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Silbury Hill is so regular in shape, so obviously artificial; yet it is large enough to be a natural feature. It stands some 130 feet (39.6 metres) high with a circumference at its base of about 1,640 feet (500 metres) – and is Europe’s largest manmade prehistoric mound.
You will find Silbury in the midst of the so-called sacred landscape of Avebury, in Wiltshire, in a valley floor between the village with its stone circle and the long barrow at West Kennet. The Romans built a road and village at the foot of the hill and in the early medieval period the top may have been flattened and used for defensive purposes. Perhaps this might explain the name; bury (from Anglo-Saxon) often means a fortified place of some sort – though it can also signify a manor house. Brewer’s not always reliable Dictionary of Phrase and Fable mentions the intriguing suggestions that Silbury is a corruption of Solis-bury – mound of the sun; or that Sil means seat or throne. Whatever, Silbury Hill is a great deal older than its modern label.
There are references to Avebury villagers meeting on top of Silbury Hill on Palm Sundays in times past, where they ate fig cakes, or puddings (Palm Sunday is, or was, sometimes known as Fig Sunday in parts of England) and drank sugared water, the water gathered from Swallow Head spring nearby. It used to be common for traditional gatherings to be held in traditional places; perhaps this was a centuries-old custom at Silbury Hill. It has also been suggested that the top, which is about 100 feet (30 metres) across, has been used for cricket – though I’d hate to be fielding if anyone hit a six. These days, alas, there is no public access to Silbury Hill, but you can observe it easily from the footpath between Avebury and the West Kennet Long Barrow – and you can see it when driving along the A4 west of Marlborough. There is a lay-by roughly opposite, from which you can walk to the long barrow – and there’s a great view of Silbury Hill from there.
The purpose of Silbury Hill is lost in the mists of time. However, it was obviously a very special place and, I believe, unique. The society that planned the project, and set aside the considerable time and effort needed to execute it – and this must surely have been an enormous investment for them, in relation to essential activities such as feeding their population – clearly had very specific objectives in mind. We just have no idea what they were. So far as we know, no one is buried in it – though there’s a tradition – earnestly put to me by one local – that a King Sil is interred in or under the hill; depending on the version, Sil is sitting on horseback, wearing golden armour, or lying in a golden coffin. Others believe the hill contains treasure. It has been further suggested that it was a giant sundial, with a pole set into its top as the gnomon, casting its shadow on the turf below. Possibly, Silbury Hill was used for some kind of religious or other ritual, where the conductors or compères stood far above the audience.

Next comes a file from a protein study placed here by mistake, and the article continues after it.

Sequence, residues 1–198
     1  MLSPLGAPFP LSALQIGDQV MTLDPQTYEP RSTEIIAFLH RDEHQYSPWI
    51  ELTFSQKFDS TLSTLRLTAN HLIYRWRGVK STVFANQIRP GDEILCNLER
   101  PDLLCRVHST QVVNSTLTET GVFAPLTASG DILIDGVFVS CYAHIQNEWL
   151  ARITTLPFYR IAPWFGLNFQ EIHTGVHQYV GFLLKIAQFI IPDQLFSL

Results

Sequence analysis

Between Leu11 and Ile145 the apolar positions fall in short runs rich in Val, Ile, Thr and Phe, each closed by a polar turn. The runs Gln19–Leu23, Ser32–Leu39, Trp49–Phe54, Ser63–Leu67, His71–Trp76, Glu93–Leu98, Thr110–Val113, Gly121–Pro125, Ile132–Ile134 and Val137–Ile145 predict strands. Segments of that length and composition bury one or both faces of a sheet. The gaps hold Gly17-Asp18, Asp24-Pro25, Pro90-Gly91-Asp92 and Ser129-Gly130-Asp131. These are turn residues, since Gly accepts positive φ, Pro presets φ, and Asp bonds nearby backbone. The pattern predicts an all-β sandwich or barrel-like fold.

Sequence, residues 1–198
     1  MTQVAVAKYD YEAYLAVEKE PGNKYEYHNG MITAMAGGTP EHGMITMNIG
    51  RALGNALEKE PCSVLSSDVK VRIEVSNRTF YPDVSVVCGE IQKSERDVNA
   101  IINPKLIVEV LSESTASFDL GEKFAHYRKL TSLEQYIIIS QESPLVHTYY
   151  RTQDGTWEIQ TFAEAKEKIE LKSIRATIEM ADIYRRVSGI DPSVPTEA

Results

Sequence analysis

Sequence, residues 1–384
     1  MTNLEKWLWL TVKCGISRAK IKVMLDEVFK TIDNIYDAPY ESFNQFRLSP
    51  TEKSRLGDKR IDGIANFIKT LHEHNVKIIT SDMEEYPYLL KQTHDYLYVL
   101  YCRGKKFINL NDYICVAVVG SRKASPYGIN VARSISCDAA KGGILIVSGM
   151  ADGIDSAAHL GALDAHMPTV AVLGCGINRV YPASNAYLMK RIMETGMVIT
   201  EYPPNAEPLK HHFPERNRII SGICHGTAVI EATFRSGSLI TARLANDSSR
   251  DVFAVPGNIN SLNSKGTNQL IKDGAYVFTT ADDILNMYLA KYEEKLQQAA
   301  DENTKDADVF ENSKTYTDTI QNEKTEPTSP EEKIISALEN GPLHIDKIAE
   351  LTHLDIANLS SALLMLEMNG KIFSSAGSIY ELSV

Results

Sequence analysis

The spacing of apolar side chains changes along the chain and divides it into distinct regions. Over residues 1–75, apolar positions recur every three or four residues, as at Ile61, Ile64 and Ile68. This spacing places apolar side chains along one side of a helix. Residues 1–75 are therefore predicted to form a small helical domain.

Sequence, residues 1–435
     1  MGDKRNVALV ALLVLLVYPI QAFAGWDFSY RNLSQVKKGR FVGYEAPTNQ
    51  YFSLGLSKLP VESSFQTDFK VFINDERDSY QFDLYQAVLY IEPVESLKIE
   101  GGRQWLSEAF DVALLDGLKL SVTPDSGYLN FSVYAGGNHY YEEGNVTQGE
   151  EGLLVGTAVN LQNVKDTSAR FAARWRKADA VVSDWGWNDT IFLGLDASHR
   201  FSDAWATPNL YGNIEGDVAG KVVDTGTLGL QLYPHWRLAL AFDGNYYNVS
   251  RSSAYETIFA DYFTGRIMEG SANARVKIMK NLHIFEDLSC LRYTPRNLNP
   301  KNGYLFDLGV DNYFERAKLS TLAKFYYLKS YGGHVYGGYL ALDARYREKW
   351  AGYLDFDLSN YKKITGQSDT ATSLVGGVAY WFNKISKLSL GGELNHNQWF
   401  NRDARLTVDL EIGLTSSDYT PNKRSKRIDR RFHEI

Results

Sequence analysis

There’s a story (with variations) that Silbury Hill was created when local Avebury wizards managed to deter the Devil from interring the entire population of nearby Marlborough under an enormous pile of earth, persuading him instead to deposit it where is now, thus forming the feature. In fact, experts believe it was constructed from around 2,400BC – contemporary with some of the pyramids of ancient Egypt and a similar size to the smaller of them. Opinion is divided as to whether it was completed within a hundred years of being started, or some three or four hundred years later. But there is agreement that it was built in stages, beginning with a small mound of gravel and clay, topped with another mound of turf and soil, with underlying chalk being dug out round it and added over a period of time, forming a surrounding ditch which was then filled and extended as the mound grew. Archaeologists estimate that it took 4 million man hours to complete. If so, using a team of 20 working a 7 hour day, 7 days a week, and excluding time off for the great feasts of Samhain, Beltane and other public holidays (Christmas and Thanksgiving not having been invented), I reckon they’d have cracked it in about 78 years.
Silbury Hill has been explored several times in an effort to unlock its mysteries. In 1776, a Colonel Drax of Dorset engaged miners from the Mendips to excavate a vertical shaft from the summit, but nothing was found to explain Silbury’s purpose*. In 1849, the Dean of Hereford, John Merewether, directed the excavation of a horizontal tunnel, which revealed nothing but decayed moss and turf. These early digs may well have destroyed evidence that might be spotted today. A third exploration conducted by Professor Richard Atkinson between 1968 and 1970 partly followed the 1849 tunnel and identified three phases of construction. Because none of these excavations had been properly backfilled, in 2000 they started to collapse resulting in a 46-foot (14 metre) deep hole on the top of the hill. This eventually resulted in an extensive project to stabilise the structure and undertake further investigation, including seismic surveys. Archaeologists have been able to study artefacts like flint and antler tools, and further analyse biological remains (eg pollen and insects), which has given a better understanding of construction and dates.
But we still don’t know why Silbury Hill was built.
* I am grateful to Brian Edwards for pointing out that this work was not financed by the Duke of Northumberland, and that the miners were from the Mendips, not Cornwall. For more detail on this see Brian Edwards’ article Silbury Hill: Edward Drax and the excavations of 1776 in Wiltshire Archaeological and Natural History Magazine.